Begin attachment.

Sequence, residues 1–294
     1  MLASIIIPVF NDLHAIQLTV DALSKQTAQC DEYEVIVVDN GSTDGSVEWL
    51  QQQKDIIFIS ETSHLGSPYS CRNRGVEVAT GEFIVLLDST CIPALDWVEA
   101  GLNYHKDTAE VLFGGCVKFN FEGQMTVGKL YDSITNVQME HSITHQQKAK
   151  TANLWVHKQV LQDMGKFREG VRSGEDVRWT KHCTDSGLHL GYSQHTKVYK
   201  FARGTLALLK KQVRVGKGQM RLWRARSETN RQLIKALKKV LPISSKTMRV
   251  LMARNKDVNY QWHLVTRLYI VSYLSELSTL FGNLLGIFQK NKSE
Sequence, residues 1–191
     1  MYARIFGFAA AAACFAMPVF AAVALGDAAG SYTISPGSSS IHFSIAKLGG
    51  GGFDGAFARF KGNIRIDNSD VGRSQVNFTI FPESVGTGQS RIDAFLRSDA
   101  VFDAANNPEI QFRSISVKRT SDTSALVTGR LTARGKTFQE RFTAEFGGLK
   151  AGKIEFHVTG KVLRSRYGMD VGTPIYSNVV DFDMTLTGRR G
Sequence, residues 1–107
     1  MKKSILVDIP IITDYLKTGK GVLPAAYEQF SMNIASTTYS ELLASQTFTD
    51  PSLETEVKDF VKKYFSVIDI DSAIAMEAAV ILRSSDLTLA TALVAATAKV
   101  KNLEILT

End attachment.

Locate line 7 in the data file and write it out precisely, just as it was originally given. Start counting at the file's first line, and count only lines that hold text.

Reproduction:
   251  LMARNKDVNY QWHLVTRLYI VSYLSELSTL FGNLLGIFQK NKSE